How can a large influx of money into a country become a “curse” to its citizens? In this episode, we discuss how the finance curse can crash economies and upend livelihoods in developing nations.

Finance Curse Versus Resource Curse

In an earlier episode we discussed the resource curse, a phenomenon known where discovery of a natural resource can impede economic development, fuel conflict, and create instability. The finance curse is another form of the resource curse, where the resource is human capital in financial services instead of natural resources like oil.

The finance curse generally occurs in international tax havens, or countries where the financial sector exceeds 50% of GDP and government authorities divulge little to no information to foreign tax authorities.

Curse Barrier to Development

Political and regulatory policies of developing countries help create the finance curse. Lack of reasonable regulations engender tax havens that attract foreign financiers, and the financiers’ economic successes increase their political power.

As a result, the financial sector crowds out other economic sectors, which can spark a brain drain of local talent in these other sectors. High wages in the financial sector exacerbate income inequality and lead to local price increases. Moreover, many of these finance sector employees are expatriates, meaning foreigners take a significant amount of the financial gains.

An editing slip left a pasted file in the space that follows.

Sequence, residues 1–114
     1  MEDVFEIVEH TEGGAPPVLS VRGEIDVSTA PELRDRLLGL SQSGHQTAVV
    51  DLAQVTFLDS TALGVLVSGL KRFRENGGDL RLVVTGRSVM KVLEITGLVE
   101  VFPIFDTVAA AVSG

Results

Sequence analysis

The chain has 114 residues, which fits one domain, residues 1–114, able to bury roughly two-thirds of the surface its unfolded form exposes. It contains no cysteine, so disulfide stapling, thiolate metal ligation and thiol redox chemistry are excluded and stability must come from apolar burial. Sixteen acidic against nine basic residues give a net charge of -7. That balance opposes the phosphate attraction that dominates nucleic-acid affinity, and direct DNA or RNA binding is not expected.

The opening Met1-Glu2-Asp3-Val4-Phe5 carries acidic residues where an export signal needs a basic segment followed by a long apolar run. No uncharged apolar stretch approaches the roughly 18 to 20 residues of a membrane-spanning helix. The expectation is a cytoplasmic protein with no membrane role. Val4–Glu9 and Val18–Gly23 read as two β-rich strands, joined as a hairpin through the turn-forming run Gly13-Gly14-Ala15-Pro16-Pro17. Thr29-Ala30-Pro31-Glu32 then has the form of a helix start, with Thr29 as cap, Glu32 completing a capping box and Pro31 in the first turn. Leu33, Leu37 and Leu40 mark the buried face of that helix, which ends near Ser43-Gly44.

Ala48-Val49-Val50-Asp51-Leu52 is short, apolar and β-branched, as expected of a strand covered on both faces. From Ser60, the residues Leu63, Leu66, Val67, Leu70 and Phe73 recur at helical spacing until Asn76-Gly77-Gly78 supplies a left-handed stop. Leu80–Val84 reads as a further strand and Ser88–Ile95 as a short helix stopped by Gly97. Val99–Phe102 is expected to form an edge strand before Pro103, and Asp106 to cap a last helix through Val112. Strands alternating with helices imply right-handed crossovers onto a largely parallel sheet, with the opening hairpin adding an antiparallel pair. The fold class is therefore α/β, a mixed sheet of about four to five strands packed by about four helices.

Antigua and Barbuda is a tragic example of the finance curse. One American financier single-handedly became the most powerful employer in the country and subsequently crashed its economy after he was convicted of fraud and his operations were halted.

Role of Developed Nations

The finance curse also hurts developed nations. Wealthy citizens and corporations of developed nations that seek tax havens abroad cost their governments billions of dollars a year in tax revenues. Nations like the United States must work to mitigate factors contributing to this unsustainable phenomenon.

Dig Deeper

Take a look at some of our favorite articles that we came across while researching this topic:

About the Author
Nicole is an alumna of the Global Communication M.A. program at George Washington University, with concentrations in Information Technology in International Affairs and Middle East Studies. She holds a B.A. in Political Philosophy, Policy, and Law from the University of Virginia. Her interests include public diplomacy, technology policy, interfaith initiatives, and the media.